Should Speakers “Wing It”?

Thoughts on purely extemporaneous speaking styles.

While I’m not a formal, dues-paying member, I do belong to the Facebook group for the¬†National Speakers Association. I often find the discussions valuable, although there’s a good bit of overlap, especially among newbies. I agree with the majority of the comments from true professionals. When I’m so inclined, I’ll chime in with my¬†own thoughts.

This is one of those times.

From a recent group discussion on the merits of handing out materials to your audience ahead of time:


This made me think about the merits of “winging it”, which I’ll define as “speaking in a very¬†extemporaneous style.” Note that “winging it” doesn’t mean avoiding the use of notes altogether. There’s absolutely nothing wrong with occasionally referring to notes, both written and/or digital.

I’ve been to more conferences than I can count, and here’s the brutal truth: Very few¬†speakers can successfully pull off a completely impromptu talk. There are just too many dangers, including:

  • Will you omit a topic¬†that¬†you meant to cover?
  • Will you mention¬†things that you should not have mentioned? (I always ask my speaking clients if anything is off-limits.)
  • Will you forget to define a key term?
  • Will you go out of order?
  • Will you adhere¬†to your time limit? (This is a huge pet peeve of mine. It’s disrespectful to everyone at the conference.)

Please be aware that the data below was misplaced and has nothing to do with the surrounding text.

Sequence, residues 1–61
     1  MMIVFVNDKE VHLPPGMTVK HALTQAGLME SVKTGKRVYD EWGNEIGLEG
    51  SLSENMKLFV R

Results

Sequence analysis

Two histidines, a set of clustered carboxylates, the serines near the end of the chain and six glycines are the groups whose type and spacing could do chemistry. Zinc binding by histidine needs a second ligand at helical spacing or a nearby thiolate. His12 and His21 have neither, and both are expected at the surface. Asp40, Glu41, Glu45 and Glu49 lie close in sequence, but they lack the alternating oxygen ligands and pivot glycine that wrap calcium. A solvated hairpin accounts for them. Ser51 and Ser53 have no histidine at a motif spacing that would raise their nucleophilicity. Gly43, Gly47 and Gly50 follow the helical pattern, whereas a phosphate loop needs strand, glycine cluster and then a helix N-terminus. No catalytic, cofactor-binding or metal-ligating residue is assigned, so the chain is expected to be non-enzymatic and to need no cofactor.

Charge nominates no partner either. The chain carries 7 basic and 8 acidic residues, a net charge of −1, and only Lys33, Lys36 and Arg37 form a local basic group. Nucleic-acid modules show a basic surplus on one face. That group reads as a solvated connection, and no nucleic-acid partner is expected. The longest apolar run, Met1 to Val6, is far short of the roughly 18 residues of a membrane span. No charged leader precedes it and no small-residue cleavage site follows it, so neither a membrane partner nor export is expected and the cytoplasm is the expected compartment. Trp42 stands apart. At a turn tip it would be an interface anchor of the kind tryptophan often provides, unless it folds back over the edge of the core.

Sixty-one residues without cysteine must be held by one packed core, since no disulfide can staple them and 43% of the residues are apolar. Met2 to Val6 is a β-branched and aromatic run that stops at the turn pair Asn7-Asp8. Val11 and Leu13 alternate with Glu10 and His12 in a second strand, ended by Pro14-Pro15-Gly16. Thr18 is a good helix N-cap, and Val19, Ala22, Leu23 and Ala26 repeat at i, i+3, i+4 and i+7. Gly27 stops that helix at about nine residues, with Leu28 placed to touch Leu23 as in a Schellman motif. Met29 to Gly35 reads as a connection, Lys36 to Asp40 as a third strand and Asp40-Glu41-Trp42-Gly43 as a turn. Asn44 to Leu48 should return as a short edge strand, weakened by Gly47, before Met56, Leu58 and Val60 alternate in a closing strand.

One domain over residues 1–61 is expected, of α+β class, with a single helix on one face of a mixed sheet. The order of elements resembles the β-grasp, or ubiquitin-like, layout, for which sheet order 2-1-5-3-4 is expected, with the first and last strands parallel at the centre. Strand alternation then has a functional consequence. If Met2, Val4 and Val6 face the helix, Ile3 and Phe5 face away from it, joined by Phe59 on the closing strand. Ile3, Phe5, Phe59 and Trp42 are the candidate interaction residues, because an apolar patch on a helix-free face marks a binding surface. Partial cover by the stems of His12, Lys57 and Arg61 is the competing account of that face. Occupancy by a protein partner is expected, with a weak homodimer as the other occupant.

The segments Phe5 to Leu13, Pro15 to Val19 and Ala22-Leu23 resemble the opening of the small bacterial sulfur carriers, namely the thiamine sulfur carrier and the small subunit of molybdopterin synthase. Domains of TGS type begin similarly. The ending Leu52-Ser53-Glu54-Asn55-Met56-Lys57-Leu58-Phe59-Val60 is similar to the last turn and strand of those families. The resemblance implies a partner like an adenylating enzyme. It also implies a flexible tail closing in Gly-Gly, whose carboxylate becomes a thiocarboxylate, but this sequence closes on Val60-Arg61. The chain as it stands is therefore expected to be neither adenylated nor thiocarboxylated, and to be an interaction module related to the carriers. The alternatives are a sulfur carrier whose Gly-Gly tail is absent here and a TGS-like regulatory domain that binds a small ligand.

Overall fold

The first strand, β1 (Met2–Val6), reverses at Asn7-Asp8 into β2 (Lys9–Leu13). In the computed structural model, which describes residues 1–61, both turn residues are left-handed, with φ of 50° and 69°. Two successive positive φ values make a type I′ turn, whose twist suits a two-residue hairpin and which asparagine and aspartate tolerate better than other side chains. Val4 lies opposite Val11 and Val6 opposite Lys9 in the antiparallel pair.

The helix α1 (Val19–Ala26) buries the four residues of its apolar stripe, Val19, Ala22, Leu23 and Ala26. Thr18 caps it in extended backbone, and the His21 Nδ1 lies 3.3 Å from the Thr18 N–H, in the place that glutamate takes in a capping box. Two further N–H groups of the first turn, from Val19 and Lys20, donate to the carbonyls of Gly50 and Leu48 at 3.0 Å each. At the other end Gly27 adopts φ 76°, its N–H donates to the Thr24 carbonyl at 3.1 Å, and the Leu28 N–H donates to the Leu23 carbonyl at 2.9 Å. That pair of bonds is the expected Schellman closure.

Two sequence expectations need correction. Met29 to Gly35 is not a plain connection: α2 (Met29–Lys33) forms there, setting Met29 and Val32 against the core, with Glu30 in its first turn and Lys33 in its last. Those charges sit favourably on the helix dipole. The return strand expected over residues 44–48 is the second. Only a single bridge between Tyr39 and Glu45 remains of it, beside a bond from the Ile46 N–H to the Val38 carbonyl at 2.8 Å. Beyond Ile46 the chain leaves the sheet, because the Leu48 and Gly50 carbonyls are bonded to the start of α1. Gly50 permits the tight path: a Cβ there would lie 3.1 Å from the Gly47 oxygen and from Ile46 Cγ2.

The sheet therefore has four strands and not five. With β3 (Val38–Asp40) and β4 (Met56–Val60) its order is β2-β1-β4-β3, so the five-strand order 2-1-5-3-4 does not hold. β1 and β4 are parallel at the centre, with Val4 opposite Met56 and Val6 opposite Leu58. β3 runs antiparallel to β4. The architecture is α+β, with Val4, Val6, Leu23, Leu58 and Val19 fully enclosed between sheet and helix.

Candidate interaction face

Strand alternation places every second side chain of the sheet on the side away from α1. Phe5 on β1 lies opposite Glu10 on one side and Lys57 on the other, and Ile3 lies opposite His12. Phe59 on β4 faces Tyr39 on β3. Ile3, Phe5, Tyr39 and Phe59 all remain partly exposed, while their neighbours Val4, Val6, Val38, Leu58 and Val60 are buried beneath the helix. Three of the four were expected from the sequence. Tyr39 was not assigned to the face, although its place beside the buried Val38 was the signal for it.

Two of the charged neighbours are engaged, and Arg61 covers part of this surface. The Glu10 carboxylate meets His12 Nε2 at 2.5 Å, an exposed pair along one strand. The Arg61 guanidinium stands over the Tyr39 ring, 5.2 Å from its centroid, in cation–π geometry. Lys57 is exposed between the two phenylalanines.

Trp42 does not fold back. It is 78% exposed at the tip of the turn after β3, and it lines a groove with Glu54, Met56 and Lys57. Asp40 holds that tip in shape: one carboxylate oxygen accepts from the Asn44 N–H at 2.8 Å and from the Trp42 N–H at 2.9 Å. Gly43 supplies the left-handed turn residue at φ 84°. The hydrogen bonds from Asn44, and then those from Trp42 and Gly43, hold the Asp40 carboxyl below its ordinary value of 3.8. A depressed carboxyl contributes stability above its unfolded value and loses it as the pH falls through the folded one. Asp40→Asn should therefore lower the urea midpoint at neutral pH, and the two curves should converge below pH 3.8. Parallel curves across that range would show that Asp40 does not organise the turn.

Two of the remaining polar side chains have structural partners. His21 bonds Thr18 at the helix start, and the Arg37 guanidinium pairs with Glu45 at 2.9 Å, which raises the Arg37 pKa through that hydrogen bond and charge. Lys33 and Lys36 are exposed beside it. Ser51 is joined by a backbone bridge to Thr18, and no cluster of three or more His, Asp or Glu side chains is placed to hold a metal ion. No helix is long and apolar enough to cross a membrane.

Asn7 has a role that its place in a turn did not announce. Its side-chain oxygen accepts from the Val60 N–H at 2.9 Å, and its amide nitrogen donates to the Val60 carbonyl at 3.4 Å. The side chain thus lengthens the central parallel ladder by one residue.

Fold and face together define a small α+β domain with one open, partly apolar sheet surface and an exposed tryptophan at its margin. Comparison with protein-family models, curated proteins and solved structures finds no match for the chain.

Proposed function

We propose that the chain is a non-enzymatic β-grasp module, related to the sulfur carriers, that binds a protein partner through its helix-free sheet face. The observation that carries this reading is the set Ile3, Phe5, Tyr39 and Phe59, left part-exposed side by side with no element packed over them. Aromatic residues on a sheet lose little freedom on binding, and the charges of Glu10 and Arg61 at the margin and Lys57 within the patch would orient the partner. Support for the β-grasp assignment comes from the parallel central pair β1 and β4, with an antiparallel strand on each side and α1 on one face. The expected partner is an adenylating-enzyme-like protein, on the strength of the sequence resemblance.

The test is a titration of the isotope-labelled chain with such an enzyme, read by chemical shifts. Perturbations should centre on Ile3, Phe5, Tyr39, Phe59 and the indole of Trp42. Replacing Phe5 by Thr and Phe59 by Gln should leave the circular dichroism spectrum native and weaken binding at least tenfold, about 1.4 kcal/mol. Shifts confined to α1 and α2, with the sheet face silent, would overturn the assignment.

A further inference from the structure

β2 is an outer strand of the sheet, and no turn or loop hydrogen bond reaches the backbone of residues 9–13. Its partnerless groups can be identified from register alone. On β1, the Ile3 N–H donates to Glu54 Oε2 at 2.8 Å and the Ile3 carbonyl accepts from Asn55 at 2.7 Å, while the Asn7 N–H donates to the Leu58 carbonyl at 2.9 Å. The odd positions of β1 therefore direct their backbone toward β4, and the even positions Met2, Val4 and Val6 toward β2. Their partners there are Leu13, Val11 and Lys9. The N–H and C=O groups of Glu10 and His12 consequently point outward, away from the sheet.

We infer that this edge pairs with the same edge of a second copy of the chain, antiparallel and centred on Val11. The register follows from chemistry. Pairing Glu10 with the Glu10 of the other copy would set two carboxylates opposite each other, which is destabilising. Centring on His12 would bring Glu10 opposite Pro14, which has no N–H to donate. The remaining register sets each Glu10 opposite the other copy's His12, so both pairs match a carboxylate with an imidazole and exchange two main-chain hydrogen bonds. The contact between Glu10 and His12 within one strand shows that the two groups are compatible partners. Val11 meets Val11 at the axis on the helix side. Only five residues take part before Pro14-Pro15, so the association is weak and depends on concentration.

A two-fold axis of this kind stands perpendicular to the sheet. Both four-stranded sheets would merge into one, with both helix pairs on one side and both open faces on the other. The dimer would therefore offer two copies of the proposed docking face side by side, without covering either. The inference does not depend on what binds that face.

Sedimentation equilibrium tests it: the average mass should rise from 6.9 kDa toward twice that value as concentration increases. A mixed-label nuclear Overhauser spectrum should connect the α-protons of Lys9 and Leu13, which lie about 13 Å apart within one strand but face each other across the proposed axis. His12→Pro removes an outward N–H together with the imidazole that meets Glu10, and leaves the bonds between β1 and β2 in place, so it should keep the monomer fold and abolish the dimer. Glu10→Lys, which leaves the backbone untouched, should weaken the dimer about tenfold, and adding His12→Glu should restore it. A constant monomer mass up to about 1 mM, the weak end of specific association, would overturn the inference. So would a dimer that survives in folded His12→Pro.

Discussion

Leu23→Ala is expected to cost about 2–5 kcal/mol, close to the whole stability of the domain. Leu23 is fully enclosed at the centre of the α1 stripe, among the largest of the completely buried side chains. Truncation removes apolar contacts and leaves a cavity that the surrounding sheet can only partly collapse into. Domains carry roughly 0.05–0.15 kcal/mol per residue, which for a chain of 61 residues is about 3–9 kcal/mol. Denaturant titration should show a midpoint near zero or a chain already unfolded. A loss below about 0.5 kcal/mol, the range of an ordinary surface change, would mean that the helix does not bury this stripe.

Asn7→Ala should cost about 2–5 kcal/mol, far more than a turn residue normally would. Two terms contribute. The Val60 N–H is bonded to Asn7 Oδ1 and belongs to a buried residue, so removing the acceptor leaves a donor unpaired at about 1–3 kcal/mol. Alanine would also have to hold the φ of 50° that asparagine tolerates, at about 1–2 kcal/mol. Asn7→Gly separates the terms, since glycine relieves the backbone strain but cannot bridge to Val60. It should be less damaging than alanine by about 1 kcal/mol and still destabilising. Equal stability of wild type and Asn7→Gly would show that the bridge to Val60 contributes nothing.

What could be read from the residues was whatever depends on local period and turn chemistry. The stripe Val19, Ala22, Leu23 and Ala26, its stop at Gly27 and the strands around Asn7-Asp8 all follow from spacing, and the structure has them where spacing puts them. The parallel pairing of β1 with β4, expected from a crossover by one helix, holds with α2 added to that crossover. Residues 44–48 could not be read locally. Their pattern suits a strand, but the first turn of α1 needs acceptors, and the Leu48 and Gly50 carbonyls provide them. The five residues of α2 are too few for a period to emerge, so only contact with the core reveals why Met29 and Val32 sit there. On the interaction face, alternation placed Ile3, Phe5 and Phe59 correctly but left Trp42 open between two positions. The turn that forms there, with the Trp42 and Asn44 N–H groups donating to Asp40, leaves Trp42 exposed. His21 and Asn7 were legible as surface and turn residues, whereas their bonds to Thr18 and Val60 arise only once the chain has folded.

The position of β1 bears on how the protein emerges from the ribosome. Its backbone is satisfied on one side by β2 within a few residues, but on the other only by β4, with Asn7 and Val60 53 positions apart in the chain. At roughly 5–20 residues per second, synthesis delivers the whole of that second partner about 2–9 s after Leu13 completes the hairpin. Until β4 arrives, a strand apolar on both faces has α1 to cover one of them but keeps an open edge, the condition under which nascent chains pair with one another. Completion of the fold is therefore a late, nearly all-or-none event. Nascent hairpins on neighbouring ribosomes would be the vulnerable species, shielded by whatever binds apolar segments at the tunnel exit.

• Will you end too soon?
  • Will¬†you set the right tone with your audience?

Many people recognize¬†the dangers of a completely unstructured talk and overcompensate. As a result, their talks come off as¬†overly rigid, their humor contrived. And forget about eye contact and genuine enthusiasm.¬†I’ve seen people routinely read off of their slides for the duration of their talks. Others regularly turn their backs to their audiences. These are¬†big no-no’s, as Scott Berkun points out in¬†his excellent book(affiliate link).

Very few speakers can successfully pull off a completely impromptu talk.

Is a talk¬†structured or unstructured? In fact, this¬†is a false dichotomy. Structure is¬†not a binary, and there are¬†degrees.¬†I’d describe my own style as a mix of composition and improvisation. I know what I’m going to say, but not necessarily how I’ll say it‚ÄĒand this is a good thing.¬†Before I spoke at Zappos¬†last July, I walked right into the middle of a water balloon fight. (Hey, it’s Zappos.) Rather than play the diva, I chuckled, grabbed a towel, and worked that misadventure into my opening. In the process, I set the tone with the audience from the get-go: I had a sense of humor, and I wasn’t going to bore them for an¬†hour.

In this way, I take my cues from a¬†Neil Peart drum solo. (Peart famously leaves room for him to “riff”¬†within the context of a ten-minute solo.)

Simon Says

There’s no one key or secret to dazzling an audience. Successful speakers rehearse, even if they’ve given a particular talk many times before. The best talks are the ones that naturally flow. Following a structure is not the same as being stiff. ¬†Leave yourself room to breathe.


What say you?





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